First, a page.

Twenty patients (50%) had portal inflammation. Three cases had interface hepatitis (equivalent to Batts–Ludwig Grade 2, Fig. 1d), whereas 17 had only minimally increased portal mononuclear cells (lymphocytes and few portal macrophages). One of the cases with interface occurred in an allograft with recent severe rejection with autoimmune features (ACR-AIH). Eosinophils and neutrophils were rare, and not prominent in any case. An occasional plasma cell was present, but in none of the cases were they significant enough to invoke consideration of autoimmune hepatitis or drug induced liver injury with autoimmune features (DILI-AIH), with the exception of the ACR-AIH case. No case demonstrated lymphoid aggregates. Overall, 6 of the 20 patients did not have evidence of lobular/acute hepatitis. Of these one was the ACR-AIH patient and two came into the emergency room in cardiopulmonary arrest, and without history in our system. There were no associations between portal inflammation and length of stay (p = 0.86), hydroxychloroquine treatment (p = 0.20), or tocilizumab administration (p = 0.10).
In cases with acute, severe cardiac dysfunction areas of congestion (right heart failure) and ischemia (left heart failure) are common regardless of etiology. In our series, 32 (78%) patients exhibited congestion and 16 (40%) exhibited centrilobular ischemic necrosis.
Fifteen (38%) cases had lobular cholestasis, generally mild and focal. Four of these 15 cases (10% of series) had ductular cholestasis, indicative of sepsis. Interlobular bile ducts were present in a normal distribution in all cases (no ductopenia) and the ducts were normal appearing (tubular structures composed of cholangiocytes with maintained polarity) in 39 of 40 cases (the ACR-AIH case had duct dysmorphia).
None of the cases had diffuse vascular pathology; however, focal findings were identified. Phlebosclerosis, reminiscent of veno-occlusive disease (VOD) was present in six cases, Fig. 2a. In five cases, this occurred in a portal venule, but one case had involvement of the central vein. Portal arterioles were abnormal in nine cases. Three of these had arteriolar muscular hyperplasia, Fig. 2b. Each case with muscular hypertrophy of the portal arterioles also had venous phlebosclerosis. Four cases had hyalinosis of the vessel wall (Fig. 2b). Two cases had fibrinoid necrosis with endothelial apoptosis (Fig. 2c). Sinusoidal microthrombi were present in six cases (Fig. 2d). C4d immunohistochemistry (IHC) was performed on ten cases and was negative (either entirely or almost entirely negative in all cases).
Three cases had granulomatous inflammation. One case had portal and lobular granulomas reminiscent of “fibrin ring” morphology, Fig. 3a. This patient had been treated with a number of potentially hepatotoxic medications throughout the hospital course including hydroxychloroquine and tocilizumab for severe COVID-19, as well as amiodarone for atrial fibrillation and ceftriaxone and piperacillin/tazobactam for infection. One patient had multiple necrotizing granulomas forming grossly appreciable abscesses and had structures suggestive of Schistosoma eggs. The final case demonstrated portal non-necrotizing granulomas in two portal tracts and resembled primary biliary cholangitis (PBC). However, the patient was male, had no known history of PBC, and had a normal alkaline phosphatase.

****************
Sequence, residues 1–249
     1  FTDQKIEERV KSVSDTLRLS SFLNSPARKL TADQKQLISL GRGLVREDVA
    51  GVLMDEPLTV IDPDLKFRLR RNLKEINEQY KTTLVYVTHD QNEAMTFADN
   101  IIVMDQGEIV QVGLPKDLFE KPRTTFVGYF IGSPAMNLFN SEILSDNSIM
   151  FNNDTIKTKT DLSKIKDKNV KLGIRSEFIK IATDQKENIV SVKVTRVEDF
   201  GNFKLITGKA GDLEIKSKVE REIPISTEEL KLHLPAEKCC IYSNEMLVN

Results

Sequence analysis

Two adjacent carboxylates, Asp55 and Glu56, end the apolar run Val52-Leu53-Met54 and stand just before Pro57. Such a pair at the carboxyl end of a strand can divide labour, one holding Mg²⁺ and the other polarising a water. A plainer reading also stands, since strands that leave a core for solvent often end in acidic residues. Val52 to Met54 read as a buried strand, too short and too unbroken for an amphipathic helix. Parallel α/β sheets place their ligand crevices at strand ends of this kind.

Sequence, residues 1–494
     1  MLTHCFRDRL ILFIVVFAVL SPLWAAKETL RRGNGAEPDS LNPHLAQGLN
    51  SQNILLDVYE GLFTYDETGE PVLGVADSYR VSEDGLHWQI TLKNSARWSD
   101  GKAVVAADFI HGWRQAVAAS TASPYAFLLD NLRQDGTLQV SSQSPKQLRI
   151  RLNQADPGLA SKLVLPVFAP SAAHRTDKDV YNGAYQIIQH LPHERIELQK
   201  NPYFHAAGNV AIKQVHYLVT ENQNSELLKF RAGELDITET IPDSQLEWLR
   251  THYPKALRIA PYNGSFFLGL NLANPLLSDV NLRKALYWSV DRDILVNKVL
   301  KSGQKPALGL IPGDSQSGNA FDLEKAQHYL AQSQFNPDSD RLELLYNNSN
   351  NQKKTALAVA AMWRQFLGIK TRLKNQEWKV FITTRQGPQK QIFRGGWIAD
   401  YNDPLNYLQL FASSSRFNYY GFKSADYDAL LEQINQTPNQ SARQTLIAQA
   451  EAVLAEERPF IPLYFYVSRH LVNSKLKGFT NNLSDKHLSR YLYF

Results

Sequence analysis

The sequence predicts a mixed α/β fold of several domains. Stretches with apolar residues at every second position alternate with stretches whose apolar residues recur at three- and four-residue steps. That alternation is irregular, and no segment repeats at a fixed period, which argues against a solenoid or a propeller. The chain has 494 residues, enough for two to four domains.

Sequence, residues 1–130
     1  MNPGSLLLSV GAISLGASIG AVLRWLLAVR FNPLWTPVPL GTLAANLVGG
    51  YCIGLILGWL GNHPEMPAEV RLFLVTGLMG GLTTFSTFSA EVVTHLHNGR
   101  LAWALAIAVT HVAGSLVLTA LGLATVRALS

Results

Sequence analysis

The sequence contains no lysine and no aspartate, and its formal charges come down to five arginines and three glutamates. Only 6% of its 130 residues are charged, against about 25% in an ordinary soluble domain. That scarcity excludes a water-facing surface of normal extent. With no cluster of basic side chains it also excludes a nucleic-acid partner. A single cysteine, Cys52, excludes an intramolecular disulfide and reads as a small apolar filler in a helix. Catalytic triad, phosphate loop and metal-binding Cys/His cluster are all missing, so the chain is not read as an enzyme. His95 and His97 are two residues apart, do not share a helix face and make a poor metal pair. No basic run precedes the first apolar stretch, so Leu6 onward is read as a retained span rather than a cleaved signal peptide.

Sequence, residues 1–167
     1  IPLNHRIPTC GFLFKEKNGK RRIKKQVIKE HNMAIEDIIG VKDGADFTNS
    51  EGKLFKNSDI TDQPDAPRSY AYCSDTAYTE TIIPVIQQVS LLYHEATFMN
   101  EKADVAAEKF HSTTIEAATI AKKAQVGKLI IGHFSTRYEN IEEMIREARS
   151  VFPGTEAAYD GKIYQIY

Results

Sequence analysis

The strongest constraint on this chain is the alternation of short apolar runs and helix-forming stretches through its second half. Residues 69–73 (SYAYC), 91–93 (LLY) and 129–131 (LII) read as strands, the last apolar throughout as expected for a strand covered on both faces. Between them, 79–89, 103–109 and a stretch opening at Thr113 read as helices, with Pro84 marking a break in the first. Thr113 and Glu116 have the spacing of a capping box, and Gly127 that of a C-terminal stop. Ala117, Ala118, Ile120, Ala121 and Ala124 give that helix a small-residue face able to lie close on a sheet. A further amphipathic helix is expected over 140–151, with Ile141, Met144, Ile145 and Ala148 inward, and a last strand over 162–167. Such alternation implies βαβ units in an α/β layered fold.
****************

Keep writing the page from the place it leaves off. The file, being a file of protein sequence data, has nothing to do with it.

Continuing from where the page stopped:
Two cases had pale ovoid sinusoidal inclusions, which at low power resembled apoptotic hepatocytes. Upon close examination, it became evident that these inclusions were present in the sinusoidal spaces, Fig. 3b. We stained these with CD61, which was positive (Fig. 3b inset), supporting that these aggregates were rich in platelets. We chose to refer to these structures as “thrombotic bodies.”
PCR was performed on 20 autopsy livers and was positive in 11 (55%) ranging from 10 copies to 9254 copies/μl RNA. The longest interval between initial diagnosis by nasopharyngeal swab and death was 25 days and the median was 13 days. There was no relationship between time from initial diagnosis (positive nasopharyngeal swab) and likelihood of PCR positivity in the liver at autopsy (p = 0.51). We investigated whether PCR positivity was associated with any laboratory parameters (Table 4). Median peak AST was higher among patients with a positive PCR compared to negative (239 vs. 86 U/l, respectively) though this did not reach statistical significance (p = 0.063). In addition, peak ferritin (3623 vs. 1014 ng/ml, p = 0.048) and peak creatinine (4.50 vs. 2.02 mg/dl, p = 0.025) were significantly higher among PCR positive patients. There were no significant correlations between PCR positivity and any histologic finding including congestion (Supplementary Table 1).